The indictments are another brick in the foundation for a pretext for either a direct U.S. military invasion or a proxy war using Colombian forces. There are obvious comparisons to 1989, when the U.S. put a $1 million bounty on Panamanian president Manuel Noriega, only to subsequently invade the country, causing an estimated 4,000 deaths.

The rewards the U.S. is offering for Maduro and four others are also troubling, as they have already been compared to a bounty. Maduro has survived at least one assassination attempt (in August 2018 when drones laden with explosives detonated prematurely), and the rewards could be interpreted as, at minimum, a “get out of jail free” card should someone succeed in murdering him. On the other hand, the rewards verify what the Venezuelan government has been saying all along: the U.S. is offering millions of dollars for people to turn on the country’s leadership.

Yet the Trump administration appears to have made a serious miscalculation by including the retired General Alcalá in the indictments. A former ally of ex-president Hugo Chávez, Alcalá joined the opposition in 2015 and has been linked to various coup plots and planned terror attacks since 2016. He is the highest profile former officer to turn against Maduro and is considered the leader of pro-Guaidó military personnel.” Alcalá is now wanted both by the United States and by Venezuela.

Alcalá is implicated in a recent plot to attack the Maduro government. On March 24, Colombian authorities seized a truck full of weapons and military equipment, including 26 assault rifles, worth $500,000. Venezuelan intelligence services linked the weapons to three camps in Colombia where paramilitary groups of Venezuelan deserters and U.S. mercenaries are training to carry out attacks against Venezuela. According to Venezuela’s Communication Minister Jorge Rodríguez, these groups were planning to take advantage of the Covid-19 pandemic to attack military units and plant bombs. He also linked the groups to Alcalá.

These allegations proved to be correct, as Alcalá, in a video he posted online hours after the indictments, admitted that the weapons were under his command. He further admitted that the weapons were purchased with funds given to him by Juan Guaidó, with whom he allegedly signed a contract.  Additionally, Alcala claimed that the operation was planned by U.S. advisers, with whom he supposedly met at least seven times. Aclalá also alleged that Leopoldo López, the founder of Guaidó’s party, Voluntad Popular, who was sprung from house arrest during Guaidó’s April 30 attempted insurrection, had full knowledge of the terror plot.

As a result of these videos, Venezuela’s attorney general has opened an investigation into Juan Guaidó for an attempted coup. Despite Guaidó’s self-proclamation as president in January 2019, his attempted insurrection in April 2019, his repeated calls for sanctions and a military invasion, Venezuelan authorities had refrained from moving against him. The U.S. indictments appear to have caused the Venezuelan government to issue its strongest response to the Trump administration’s and Guaidó’s continued provocations.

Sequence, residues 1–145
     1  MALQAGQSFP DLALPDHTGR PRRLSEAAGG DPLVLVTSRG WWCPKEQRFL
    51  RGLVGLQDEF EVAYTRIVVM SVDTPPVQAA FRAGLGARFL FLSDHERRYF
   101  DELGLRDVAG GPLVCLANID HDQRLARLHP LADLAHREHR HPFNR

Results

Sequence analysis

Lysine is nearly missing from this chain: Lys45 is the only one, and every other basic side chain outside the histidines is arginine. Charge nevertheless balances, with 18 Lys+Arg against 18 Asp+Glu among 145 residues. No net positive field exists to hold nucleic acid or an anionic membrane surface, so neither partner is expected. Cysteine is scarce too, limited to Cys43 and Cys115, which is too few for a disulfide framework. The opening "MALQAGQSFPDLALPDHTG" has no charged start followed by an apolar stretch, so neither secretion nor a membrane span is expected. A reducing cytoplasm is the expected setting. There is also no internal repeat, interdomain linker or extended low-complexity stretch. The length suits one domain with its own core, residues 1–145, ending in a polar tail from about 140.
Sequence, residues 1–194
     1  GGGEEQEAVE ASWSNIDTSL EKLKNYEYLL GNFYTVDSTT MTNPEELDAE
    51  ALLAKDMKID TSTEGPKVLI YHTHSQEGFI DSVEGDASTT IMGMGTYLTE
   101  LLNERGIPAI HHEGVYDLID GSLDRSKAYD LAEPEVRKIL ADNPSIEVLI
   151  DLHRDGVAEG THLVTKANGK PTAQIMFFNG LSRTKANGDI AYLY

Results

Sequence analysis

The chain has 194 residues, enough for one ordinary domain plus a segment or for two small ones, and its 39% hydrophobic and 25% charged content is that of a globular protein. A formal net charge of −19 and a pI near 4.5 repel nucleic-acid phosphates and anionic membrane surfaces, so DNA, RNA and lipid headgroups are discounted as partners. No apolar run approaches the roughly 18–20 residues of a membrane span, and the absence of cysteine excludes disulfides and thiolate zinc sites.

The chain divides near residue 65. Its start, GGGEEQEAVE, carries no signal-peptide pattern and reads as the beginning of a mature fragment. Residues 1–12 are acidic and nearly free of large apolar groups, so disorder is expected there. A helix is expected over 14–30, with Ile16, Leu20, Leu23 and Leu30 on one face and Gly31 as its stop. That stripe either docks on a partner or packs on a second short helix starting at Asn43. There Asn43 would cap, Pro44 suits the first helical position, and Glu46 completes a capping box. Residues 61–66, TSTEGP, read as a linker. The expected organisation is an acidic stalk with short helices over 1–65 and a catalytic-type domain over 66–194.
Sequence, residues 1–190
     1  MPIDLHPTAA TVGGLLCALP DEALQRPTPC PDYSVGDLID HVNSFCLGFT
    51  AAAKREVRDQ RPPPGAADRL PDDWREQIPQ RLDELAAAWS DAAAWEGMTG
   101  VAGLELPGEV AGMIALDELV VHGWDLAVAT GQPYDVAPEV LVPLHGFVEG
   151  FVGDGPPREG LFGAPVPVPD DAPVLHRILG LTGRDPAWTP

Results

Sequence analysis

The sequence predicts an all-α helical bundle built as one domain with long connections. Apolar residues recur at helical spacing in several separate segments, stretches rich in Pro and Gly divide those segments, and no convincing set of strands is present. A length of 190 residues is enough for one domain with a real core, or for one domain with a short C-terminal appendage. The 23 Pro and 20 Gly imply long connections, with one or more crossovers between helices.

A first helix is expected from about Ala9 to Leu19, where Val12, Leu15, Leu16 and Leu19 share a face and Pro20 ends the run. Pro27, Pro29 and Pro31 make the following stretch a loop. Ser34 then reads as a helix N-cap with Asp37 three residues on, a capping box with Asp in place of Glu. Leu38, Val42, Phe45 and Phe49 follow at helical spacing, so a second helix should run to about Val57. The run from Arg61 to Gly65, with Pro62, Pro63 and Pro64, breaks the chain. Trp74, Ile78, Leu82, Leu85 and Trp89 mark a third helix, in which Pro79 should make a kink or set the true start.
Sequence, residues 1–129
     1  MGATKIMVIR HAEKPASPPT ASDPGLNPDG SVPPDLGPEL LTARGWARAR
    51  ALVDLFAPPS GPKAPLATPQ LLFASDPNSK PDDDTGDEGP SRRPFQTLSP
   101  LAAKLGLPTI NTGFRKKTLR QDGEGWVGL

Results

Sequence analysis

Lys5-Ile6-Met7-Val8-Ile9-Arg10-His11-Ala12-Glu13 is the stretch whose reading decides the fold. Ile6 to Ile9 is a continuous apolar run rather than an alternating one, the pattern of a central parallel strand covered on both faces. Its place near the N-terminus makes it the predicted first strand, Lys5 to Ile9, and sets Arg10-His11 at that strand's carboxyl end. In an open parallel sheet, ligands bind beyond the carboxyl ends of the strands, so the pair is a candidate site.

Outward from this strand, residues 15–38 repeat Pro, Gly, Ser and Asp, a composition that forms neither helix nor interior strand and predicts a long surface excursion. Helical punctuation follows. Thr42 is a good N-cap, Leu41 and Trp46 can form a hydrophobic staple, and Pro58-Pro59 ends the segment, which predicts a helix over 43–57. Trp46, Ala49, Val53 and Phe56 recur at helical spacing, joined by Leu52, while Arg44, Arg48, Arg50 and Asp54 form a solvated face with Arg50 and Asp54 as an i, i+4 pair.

Of course, if the Trump administration were truly serious about combating terror, corruption and drug trafficking, the first Venezuelan they should look at ought to be Juan Guaidó. After all, he was photographed with members of the infamous Los Rastrojos drug cartel, who allegedly helped him cross into Colombia in exchange for his turning a blind eye to the cartel’s expansion from Colombia into western Venezuela. Guaidó’s team in Colombia embezzled humanitarian aid funds and now he has been directly implicated in a terror plot, one which presumably used money given to him by the United States (as that is his only source of financing).

The revelations about Guaidó’s spending of U.S. funds to buy weapons and his alleged involvement in yet another violent plot are putting pressure on opposition figures and parties that have hinted at wanting to participate in this year’s legislative elections but have yet to fully commit to dialogue. A day before the U.S. indictments were revealed, Maduro invited several of these leaders to join a dialogue in the Apostolic Nuncio (the Vatican’s embassy in Caracas) in order to try to reach consensus over the nation’s response to Covid-19. Now they are faced with the difficult choice of either angering Venezuelan voters (83 percent of whom reject a military option) by continuing to support Guaidó’s violence or angering the United States by working with indicted government officials.

The Trump administration has been sabotaging a negotiated solution to Venezuela’s problems for two years, including in February 2018, when it threatened an oil embargo and support for a coup during negotiations between the government and the opposition in the Dominican Republic, and again in August 2019, when it imposed a full embargo during another attempt at dialogue. These new indictments, which even The New York Timesdescribed as highly unusual,” seemed timed to sabotage negotiations once again, as earlier in the week members of the moderate opposition, including National Assembly president Luis Parra, had recently urged the U.S. to lift the sanctions due to the coronavirus pandemic.